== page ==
In any event, even if someone has more than 100k investable, they may not be willing to tie 100k up for 5 years at this time. The GTEF deal requires that.

I'm not saying it's a bad option, I'm just saying it's not necessarily a good option depending on your situation and your outlook.
JoBob   |     |   Comment #41
#40 of course its a broad statement like most statements on this site. However, if ones investable assets total $100k or less this person should have been in the stock market fully invested trying to grow that money over time. If they are already retired and on a fixed income they are already ****ed...they didn't save enough. My suggestion forget the 5 yr CD and buy 12 packs everyday and just enjoy the money.
MEE   |     |   Comment #46
Now there's something I think we can all agree on! ??
Nothing   |     |   Comment #50
JoBob...reset the calculus...a married couple can get by with soc sec, some interest income, etc and pay zero in fed taxes. One does not need to be in the market for a comfortable retirement and clearly not at retirement age!
RealityCheck   |     |   Comment #51
Average social security payout in 2019 is $1,461 pp. Tines that by 2 = about $3,000 per month for two.Average ret saving for a 60 yr old is $172,000 paying 3% interest is about $5,000 per year. $36,000 SS + $5,000 interest income = $41,000 per year for average retired couple living on SS.You call that get by but I have another name for it... poor lifetime financial planning.
Nothing   |     |   Comment #52
It works quite well for some that plan, no debt, low tax state, etc Try it, you may like it. Then couple that with the wonders of sch C and other tools
deplorable 1
deplorable 1   |     |   Comment #21
Good point Coach I would be better off buying a few more 6 month GTE CD's with a 2% cashback card. I could keep NFCU active with my IRA add-on CD.
111   |     |   Comment #14
Navy has been careful with their add-ons - nearly all of them have caps, and nearly all Navy CDs without caps are NOT add-ons, as in this case. I'm still deciding.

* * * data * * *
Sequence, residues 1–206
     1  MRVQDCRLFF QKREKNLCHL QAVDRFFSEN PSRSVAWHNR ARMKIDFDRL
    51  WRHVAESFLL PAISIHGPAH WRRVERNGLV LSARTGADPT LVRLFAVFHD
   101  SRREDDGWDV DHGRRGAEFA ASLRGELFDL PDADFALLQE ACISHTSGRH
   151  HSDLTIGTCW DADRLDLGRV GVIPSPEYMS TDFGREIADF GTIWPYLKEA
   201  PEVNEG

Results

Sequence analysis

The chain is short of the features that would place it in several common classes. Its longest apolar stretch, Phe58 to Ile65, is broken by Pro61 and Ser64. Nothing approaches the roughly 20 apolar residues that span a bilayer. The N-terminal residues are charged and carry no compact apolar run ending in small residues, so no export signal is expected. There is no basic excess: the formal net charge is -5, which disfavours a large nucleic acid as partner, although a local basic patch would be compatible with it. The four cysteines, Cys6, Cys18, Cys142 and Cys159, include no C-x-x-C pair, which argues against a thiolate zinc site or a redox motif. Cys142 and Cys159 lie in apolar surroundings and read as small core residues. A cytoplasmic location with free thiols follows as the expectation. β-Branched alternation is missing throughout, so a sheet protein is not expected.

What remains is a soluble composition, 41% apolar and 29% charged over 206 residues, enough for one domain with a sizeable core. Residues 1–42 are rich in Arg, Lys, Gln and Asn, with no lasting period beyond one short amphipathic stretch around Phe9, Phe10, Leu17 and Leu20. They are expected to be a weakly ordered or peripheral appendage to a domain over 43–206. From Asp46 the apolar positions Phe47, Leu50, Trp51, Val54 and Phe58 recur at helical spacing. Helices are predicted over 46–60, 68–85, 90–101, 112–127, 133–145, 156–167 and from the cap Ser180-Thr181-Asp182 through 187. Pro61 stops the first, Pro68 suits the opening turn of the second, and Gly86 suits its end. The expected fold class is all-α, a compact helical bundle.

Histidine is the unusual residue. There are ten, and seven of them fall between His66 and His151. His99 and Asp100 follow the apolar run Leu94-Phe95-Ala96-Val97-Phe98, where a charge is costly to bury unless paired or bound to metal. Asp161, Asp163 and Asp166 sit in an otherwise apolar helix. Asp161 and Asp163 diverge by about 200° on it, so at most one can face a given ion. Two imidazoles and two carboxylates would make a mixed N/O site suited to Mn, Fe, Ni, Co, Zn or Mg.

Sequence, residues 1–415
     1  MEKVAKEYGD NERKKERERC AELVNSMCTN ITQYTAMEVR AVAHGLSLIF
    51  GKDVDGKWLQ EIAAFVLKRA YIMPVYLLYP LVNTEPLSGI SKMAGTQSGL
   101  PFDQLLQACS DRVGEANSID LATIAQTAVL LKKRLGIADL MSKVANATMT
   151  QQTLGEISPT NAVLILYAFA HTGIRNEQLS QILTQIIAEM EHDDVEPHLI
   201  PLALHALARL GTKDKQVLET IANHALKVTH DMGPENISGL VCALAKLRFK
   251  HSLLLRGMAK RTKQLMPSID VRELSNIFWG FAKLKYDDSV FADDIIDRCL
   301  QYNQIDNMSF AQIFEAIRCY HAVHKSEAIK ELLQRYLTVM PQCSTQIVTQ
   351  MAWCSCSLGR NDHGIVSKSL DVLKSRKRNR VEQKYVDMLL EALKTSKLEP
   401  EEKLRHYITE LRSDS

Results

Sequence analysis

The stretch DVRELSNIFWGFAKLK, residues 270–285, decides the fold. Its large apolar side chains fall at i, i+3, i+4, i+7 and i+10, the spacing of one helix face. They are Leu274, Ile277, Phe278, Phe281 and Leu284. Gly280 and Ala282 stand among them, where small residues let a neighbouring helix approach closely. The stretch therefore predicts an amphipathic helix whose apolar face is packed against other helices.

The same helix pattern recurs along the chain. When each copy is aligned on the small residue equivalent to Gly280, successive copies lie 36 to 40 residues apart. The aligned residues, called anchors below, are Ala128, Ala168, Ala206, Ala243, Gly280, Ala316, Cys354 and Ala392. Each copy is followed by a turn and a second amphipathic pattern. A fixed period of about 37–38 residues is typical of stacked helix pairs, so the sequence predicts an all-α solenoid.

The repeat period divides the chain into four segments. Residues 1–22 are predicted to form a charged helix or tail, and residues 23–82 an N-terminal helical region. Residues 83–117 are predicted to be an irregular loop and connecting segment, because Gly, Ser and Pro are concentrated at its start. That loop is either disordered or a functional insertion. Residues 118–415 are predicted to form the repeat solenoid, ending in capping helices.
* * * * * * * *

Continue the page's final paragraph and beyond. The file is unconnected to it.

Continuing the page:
FYI, also maturing in mid-August will be the Andrews 6-month 3.25% CDs for those who "bit" as I did. This Navy special may or may not last that long, though.
hank   |     |   Comment #17
I opened one of these tonight. Surprising, that they have gone back to 3.5 for 5 years after they had it and then have been dropping rates
Go Navy
Go Navy   |     |   Comment #25
Re: Coach #18
Not sure I understand your advice. "If you have less than $100k investable assets you should never consider long duration CD's to begin with and only stay with short duration." Why is that? Please explain further. Thanks.
Coach   |     |   Comment #26
If your investable assets are less then $100k short duration CD's have a much lower EWP many times only 90 day and usually max 180 days vs 5 year CD's that seem to trend now at 360 days EWP. Within that $100k or less may lie your emergency fun in case of medical emergency/loss of employment etc. With short duration funds or higher paying MM accounts paying 2.5% or close to 3%, why lock up the funds for 5 years? If you are completely sure you wont need the funds then longer duration is fine, if there is a question mark i would stay with short duration with $100k or less.
Go Navy
Go Navy   |     |   Comment #27
Coach #26,
Got it. Thanks.
Att   |     |   Comment #28
#27 I usually don't invest 100k in a single CD. I prefer to ladder several CDs. The only CDs I have with 100k or more are Penfed 10 yrs at 5% and Connexus at 4% that were at the top of the market when they were available. I have a MACU at 3.51% that is an add on. That one may go up to 100k as I have other CDs coming due in the next 10 months and if rates are still down.
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Att   |     |   Comment #35
#26 Many of the money market funds are dropping. If you have a savings with Northern Direct you have 2.5% locked until the end of the year. I wonder what money market account rates will be if the fed cuts rates? If you have short term CD the renewal rates may be lower in a few months. So locking in a 3.5% (or at least a portion of your funds) as part of a ladder could be a good strategy.